Why hasn’t Prannoy won a Super title yet?

For HS Prannoy, there’s the small matter of winning on the big days. “I actually think he’s a big match player,” says Anup Sridhar, with whom Prannoy trained for 10 to 12 weeks before the Bali swing in fall 2021. The 29-year-old, world number 21, is not deterred by the big names, as all his scalps, Chen Long, Lin Dan, Chong Wei, Viktor Axelsen, reveal.

On Thursday at the Malaysian Super 750 it was world No. 4 Chou Tien Chen who he cleaned up 21-15, 21-7 – on the sidelines, coach Siyadatullah had a snivelling smile and later said: “He attacked so well from 11 – 7 in the second, Chou didn’t score a single point. It was actually the disadvantaged side, but his attack was excellent keeping the shuttle down.”

On Friday – and hopefully for the rest of the weekend – Prannoy will need to keep his head down and show up to dominate the big game days. The fact that he has yet to win a super title is both a millstone to contend with and a maze to navigate at the most enduring stage of his career. That Kidambi Srikanth, Lakshya Sen and Sai Praneeth have these titles and someone of arguably the same talent and skill does not raises the mystery.

“He thinks he can win,” says Anup, adding, “When Prannoy plays at his pace, he starts 50-50 against any top player. Nothing is missing.” Against Chou, Prannoy mastered the wild drift at the Axiata in Kuala Lumpur, where the shuttle is fast on one side and super slow on the other. Not letting the bird drift off the fast side – literally – and varying the pace to avoid being hauled back on a loop is the challenge. He hit good lengths to leave Chou clueless. “He needs to be a little more aggressive against Jonatan Christie. He’s showing aggression, but now he’s also playing smart,” says Siyadath.

World No. 8 Christie used to beat him for the Swiss title and some pieces of the puzzle can be gleaned from that period. “I would guess that 90 percent of the reason he doesn’t have the big title is physical, when his body is completely drained and his muscles are tiring. I don’t see a problem in his tactics,” Anup insists that the title breakthrough will be important if he is aiming for the top 10 or top 5.

End-of-business losses and displacements were invariably clear affairs, draining and fairly flat filings – suggesting energy reserves are being depleted over the week. Christie is no slouch and Prannoy will need to switch to top player mode to defeat the Indonesian. That said, pick a quick end if he wins the toss setting up for the second half of game three. Then, push the tempo early in the first set and go all out, even if it means a break in the second and a hard push in the third.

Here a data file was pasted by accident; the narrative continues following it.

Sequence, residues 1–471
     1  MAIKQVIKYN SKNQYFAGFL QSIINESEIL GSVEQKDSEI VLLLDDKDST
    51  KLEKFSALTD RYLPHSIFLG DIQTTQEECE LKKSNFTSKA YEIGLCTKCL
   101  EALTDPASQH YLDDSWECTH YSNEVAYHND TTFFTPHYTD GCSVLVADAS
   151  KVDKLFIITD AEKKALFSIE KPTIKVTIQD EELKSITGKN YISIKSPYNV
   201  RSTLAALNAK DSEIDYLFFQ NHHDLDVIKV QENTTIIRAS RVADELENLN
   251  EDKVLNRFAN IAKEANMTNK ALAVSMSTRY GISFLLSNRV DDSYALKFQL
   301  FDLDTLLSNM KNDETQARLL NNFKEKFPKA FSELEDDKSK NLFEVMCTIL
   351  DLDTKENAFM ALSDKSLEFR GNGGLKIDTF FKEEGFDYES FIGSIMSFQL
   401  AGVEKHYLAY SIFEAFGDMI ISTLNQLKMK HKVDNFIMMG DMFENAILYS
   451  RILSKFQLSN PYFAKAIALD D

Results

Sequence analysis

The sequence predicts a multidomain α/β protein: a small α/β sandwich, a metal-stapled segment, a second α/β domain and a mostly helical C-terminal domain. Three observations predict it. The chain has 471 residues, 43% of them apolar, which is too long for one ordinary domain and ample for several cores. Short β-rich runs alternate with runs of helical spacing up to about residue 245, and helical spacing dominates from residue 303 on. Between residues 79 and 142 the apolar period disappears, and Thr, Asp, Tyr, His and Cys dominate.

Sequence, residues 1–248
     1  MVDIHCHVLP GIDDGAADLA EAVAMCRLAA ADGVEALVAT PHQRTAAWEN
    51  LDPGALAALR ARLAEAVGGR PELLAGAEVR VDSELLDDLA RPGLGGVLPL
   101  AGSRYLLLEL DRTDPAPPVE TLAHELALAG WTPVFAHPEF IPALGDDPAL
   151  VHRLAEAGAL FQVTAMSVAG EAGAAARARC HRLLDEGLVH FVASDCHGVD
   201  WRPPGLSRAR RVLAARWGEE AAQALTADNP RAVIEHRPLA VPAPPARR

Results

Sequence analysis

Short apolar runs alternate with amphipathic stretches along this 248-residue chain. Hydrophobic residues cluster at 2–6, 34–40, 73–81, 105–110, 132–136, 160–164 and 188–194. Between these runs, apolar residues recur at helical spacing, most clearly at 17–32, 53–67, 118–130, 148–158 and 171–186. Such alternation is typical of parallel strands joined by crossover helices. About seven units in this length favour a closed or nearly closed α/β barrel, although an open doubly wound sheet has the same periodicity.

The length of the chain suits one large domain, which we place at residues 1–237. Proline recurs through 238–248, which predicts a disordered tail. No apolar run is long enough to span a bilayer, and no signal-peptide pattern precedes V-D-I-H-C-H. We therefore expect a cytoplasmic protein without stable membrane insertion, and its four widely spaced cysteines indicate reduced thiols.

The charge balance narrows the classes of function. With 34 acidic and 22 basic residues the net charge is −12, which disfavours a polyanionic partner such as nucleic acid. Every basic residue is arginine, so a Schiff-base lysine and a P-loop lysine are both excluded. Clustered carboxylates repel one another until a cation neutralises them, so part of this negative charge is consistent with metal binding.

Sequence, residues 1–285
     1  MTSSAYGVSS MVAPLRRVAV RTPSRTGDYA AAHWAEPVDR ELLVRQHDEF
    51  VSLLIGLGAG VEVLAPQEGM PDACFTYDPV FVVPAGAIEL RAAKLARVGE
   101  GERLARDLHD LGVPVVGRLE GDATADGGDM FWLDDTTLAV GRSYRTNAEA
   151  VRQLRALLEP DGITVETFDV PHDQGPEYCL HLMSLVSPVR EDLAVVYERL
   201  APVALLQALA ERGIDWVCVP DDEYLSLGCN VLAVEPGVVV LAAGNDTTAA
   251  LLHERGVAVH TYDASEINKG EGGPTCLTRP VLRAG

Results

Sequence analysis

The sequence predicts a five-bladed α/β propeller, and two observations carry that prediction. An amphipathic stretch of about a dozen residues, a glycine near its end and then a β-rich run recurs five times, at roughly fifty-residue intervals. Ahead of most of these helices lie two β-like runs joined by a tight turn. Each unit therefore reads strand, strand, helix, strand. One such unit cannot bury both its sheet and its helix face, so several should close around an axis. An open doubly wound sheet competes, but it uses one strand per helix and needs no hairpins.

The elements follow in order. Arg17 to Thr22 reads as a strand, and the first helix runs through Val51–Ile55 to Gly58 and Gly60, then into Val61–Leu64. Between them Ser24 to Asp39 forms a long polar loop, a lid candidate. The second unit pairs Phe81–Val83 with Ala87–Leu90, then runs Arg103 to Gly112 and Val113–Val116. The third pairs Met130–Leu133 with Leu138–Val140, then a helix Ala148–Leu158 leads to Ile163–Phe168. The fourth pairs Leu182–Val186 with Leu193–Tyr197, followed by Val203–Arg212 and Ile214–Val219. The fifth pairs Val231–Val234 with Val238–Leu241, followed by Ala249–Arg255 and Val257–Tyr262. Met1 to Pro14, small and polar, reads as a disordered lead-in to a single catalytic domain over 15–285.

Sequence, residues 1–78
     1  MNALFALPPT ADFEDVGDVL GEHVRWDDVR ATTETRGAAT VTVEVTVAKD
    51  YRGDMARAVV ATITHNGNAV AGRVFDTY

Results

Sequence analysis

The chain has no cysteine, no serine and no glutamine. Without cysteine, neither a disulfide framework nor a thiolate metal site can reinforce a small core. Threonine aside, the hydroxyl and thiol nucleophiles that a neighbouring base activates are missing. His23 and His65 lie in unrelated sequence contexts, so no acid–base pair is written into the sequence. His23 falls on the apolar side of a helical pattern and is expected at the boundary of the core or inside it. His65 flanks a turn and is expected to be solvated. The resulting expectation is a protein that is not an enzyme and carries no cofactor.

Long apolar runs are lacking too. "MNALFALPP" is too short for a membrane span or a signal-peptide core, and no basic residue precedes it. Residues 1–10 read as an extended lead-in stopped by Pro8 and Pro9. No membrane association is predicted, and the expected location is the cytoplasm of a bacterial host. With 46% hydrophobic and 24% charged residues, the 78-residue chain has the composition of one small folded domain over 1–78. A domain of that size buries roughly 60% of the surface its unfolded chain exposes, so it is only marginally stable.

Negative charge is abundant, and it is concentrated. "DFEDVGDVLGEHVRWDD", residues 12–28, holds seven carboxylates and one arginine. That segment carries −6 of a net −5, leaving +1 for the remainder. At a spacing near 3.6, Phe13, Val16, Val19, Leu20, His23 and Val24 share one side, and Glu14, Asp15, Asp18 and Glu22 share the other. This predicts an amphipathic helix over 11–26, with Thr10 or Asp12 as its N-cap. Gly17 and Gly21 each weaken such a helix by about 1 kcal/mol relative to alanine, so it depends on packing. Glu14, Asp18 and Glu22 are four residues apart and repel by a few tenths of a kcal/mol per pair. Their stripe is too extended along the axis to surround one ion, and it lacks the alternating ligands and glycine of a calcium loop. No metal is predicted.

Anthony Ginting is a runner, Christie more of an all-round player, very smart and with a penchant for helping opponents into deep turns. Prannoy has the hard drive from the back corner of the hand to get out of trouble, but his forehand back corner judgment will be tested when the Swiss final is over.

In Bangalore, Anup was convinced that contrary to popular belief, Prannoy hadn’t lapsed into negativity ahead of his form in 2022, including the Thomas Cup high-pressure thrillers. “He got leaner and I saw a rhythm in his game where you feel like the whole court is covered,” he recalls. Via six-corner routines and 3v1 defence, Prannoy sharpened while Anup observed his reflexes quicken later in Hyderabad, strengthening his defense to support his attack.

Still, Finals Sundays weren’t as frequent as he’d like. “Unnecessary haste can be a trust issue. But he didn’t panic during the Thomas Cup, so I think it’s a matter of time,” he says. Siyadath must continue to dig that into his ears on Friday. “He’s been very consistent since the Swiss Open, but sometimes he rushes and mistakes happen. It’s very difficult to get a point out of Prannoy. Opponents only get points if they are wrong. If he attacks well and gets his length, he’s unstoppable,” he says. Breaking Christie’s defense will be key. Prannoy often needs to get a good feel for his own defense and rhythm will be key to get past the Indonesian, who leads 5-3 in his career.

Two of Prannoy’s 3 wins came from three setters, 23-21 and 21-19, and another long-draw match awaits. The anti-climax after the big wins has been a recurring theme for Prannoy since the 2017 season, which saw giants slain. The giant slayer must now hunt the great cause.

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